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Industrial Hygiene

The industrial hygiene profession deals with the anticipation, recognition, evaluation, and control of occupational health hazards in the workplace. The industrial hygienist evaluates worker exposure to chemical, physical, and biological hazards, and other factors that contribute to unsuitable working conditions. Industrial hygienists implement measures to control these hazards to provide a safe and healthful working environment. They often are involved with safety and environmental issues as well.

Industrial hygiene students are eligible for a minor in chemistry upon graduation. Students find jobs in private industry, government or consulting firms, and an alumni network provides internship and job opportunities. The USU industrial hygiene program is accredited by the Applied Science Accreditation Commission of ABET (www.abet.org), 415 North Charles Street, Baltimore MD 21201, tel. (410) 347-7700. Graduates are encouraged to pursue professional certification as a CIH (www.abih.org) or CSP (www.bcsp.org) and are eligible to receive a GSP (www.bcsp.org/GSP) designation upon graduation. 

Industrial Hygiene Internships

Suggested 4-Year Plan

Major Requirement Sheet

Information for students, from the American Industrial Hygiene Association

USU Industrial Hygiene Student Association

  

Industrial Hygiene Enrollment\Graduation Data:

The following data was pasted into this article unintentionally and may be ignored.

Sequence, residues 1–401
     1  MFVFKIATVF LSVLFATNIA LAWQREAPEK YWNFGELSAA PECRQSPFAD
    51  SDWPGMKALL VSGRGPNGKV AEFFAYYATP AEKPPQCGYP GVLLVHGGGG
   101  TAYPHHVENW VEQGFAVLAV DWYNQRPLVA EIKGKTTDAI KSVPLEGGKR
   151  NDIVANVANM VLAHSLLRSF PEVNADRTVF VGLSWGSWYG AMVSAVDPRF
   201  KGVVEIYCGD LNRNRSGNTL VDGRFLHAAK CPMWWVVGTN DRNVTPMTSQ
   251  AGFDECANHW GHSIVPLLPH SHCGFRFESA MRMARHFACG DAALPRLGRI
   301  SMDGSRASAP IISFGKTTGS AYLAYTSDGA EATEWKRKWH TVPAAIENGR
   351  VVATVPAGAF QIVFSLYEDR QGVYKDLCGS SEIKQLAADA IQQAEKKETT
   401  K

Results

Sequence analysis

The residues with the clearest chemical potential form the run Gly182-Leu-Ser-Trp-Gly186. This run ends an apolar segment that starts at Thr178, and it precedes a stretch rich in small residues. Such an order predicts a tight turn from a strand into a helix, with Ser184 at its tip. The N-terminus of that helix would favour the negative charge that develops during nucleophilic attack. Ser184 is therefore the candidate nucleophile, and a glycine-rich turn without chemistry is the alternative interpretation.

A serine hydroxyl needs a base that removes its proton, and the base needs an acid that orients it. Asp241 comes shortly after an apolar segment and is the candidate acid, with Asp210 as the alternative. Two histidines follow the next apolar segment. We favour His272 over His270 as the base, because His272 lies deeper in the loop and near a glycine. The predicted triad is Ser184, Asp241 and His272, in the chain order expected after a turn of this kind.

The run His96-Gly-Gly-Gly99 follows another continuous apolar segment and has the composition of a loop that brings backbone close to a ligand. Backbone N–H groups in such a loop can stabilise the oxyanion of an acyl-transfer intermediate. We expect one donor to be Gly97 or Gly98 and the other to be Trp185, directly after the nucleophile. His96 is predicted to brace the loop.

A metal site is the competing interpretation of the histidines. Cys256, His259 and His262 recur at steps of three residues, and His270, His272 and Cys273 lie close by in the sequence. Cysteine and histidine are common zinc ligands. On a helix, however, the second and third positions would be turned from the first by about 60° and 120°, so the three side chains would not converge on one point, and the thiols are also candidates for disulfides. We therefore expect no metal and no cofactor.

Year

2009

2010

2011

2012

2013

2014

2015

2016

Enrolled with PubH-IH Emphasis

69

79

86

80

71

82

86

 64

Total Graduated with IH

9

14

18

20

16

16

14

 11

Total entered workforce as IH or Safety

6

8

17

17

14

14

8

 9

Total entering Grad School

0

3

1

1

1

0

0

 0

Total pursuing medical, dental, pharmacy, or other health fields

3

3

0

2

0

1

5

 3

Not in any of the above categories

0

0

0

0

1

1

1

 2

TBD = Too be determined

GOALS of the Industrial hygiene program:

The Utah State University baccalaureate industrial hygiene program seeks to graduate well educated, entry level, industrial hygienists who are prepared for either professional practice or graduate school with a solid science background in biology and chemistry and who are competent in the principles and practice of industrial hygiene, prepared with occupational safety skills, and knowledgeable about environmental protection.  The approach of the Utah State University industrial hygiene program to achieving this goal is to integrate the knowledge gleaned from a strong basic science and humanities education into our applied science and professional practice curriculum and to meet the requirements of ABET accreditation (http://main.abet.org/aps/Accreditedprogramsearch.aspx).

Consistent with the above goals, the following Program Educational Objectives have been identified for the Industrial Hygiene emphasis: Graduates will be able to …

  • succeed in an entry-level industrial hygiene position in a regional, national, or international industry or governmental or nongovernmental agency.